Question: How can someone receive SSDI (Title II) benefits if they have never worked?
If an individual becomes disabled before the age of 22 and one of his/her parents is either deceased or receives disability or retirement benefits, the "Disabled Adult Child" may receive benefits based on their parent's earnings record. SSA has an easy to use FAQ page about this topic: https://www.ssa.gov/planners/disability/qualify.html
In certain circumstances, someone can get both SSI and SSDI. This happens when someone is approved for SSDI, but their monthly check is lower than the full SSI Federal Benefit Rate (FBR)*. This could be due to earning low wages throughout the employment history or limited recent work. In this case, the individual will receive SSI to supplement the payment to bring them up to the FBR. Since the Social Security Administration (SSA) discounts the first $20 of earned or unearned income an individual receives when calculating the SSI amount, a concurrent beneficiary will receive $20 above the SSI FBR.
Question: When people get large back-pay checks, how long do they have to spend the funds in order to get their resources below that $2,000 level and not impact future payments?
Generally, SSA will not count the retroactive (back-pay) SSI or Social Security benefits for up to nine months after the person receives them. This includes payments received in installments.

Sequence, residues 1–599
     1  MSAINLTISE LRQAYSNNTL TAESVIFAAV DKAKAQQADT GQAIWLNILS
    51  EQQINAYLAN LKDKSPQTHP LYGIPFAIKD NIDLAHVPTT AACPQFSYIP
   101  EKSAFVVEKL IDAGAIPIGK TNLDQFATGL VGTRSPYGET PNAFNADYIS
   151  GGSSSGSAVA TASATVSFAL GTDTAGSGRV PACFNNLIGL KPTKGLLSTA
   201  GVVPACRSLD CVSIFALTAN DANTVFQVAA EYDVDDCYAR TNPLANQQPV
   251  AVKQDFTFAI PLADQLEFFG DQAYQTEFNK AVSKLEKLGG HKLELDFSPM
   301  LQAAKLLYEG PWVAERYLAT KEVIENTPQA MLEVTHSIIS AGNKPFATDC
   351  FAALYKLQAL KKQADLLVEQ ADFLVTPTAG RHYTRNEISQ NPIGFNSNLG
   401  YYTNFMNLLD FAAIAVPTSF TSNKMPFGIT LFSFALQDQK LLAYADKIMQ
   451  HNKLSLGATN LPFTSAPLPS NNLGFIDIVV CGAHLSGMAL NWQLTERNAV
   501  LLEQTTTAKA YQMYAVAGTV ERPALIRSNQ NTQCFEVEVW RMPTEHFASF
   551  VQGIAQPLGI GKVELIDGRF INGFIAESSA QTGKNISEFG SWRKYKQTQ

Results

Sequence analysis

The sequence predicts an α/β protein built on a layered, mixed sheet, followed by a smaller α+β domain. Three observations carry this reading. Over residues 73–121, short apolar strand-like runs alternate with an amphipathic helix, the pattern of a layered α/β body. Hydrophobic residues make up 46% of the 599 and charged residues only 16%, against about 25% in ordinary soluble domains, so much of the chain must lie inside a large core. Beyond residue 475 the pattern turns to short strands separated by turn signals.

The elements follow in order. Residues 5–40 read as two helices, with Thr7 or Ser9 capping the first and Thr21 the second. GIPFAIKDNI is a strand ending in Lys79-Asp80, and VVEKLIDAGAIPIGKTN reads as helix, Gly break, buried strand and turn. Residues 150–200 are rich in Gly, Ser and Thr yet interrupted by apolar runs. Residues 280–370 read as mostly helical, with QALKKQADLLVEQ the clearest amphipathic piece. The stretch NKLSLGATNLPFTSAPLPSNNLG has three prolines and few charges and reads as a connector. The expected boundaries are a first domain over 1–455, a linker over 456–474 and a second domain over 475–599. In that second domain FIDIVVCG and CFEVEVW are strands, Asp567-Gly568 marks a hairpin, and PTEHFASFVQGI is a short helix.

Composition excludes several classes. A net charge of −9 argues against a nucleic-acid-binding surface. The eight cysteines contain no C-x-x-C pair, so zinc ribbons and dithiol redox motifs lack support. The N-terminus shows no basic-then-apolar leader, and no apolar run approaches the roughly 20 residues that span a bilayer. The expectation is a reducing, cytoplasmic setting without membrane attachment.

When the individual receives his/her award letter it should spell out the exact length of time s/he has to spend down the retroactive payments. If there is any confusion, definitely check with the local SSA office for specifics on the individual's case.
Question: If someone might be eligible for unemployment but is also unable to continue working, should he apply for unemployment or SSI?
If he is eligible for unemployment and the amount is more than the Federal Benefit Rate (FBR)*, then he should take the higher amount (unemployment) as long as he can. The medical approval for SSI will last for 12 months, so if the unemployment only lasts a few months, he can always reapply for SSI (the non-medical application) and SSA will use the medical decision from his last application.
Question: Would someone who has life insurace policies with a cash value totaling $3,700 still be eligible for SSI?
SSA considers any life insurance policy with a face value of $1,500 or higher. The face value is how much insurance you're buying, (e.g., $5,000, $10,000, etc.). The cash value is what you'd get for the policy if you cashed it in. Since this person’s policies are valued at $3,700, they are over the resource limit for an individual ($2,000). In order to fall below the resource limit, they would need to cash in one (or more) of the policies depending on what other resources they have. They would need to use/spend that money to live on before becoming eligible for SSI.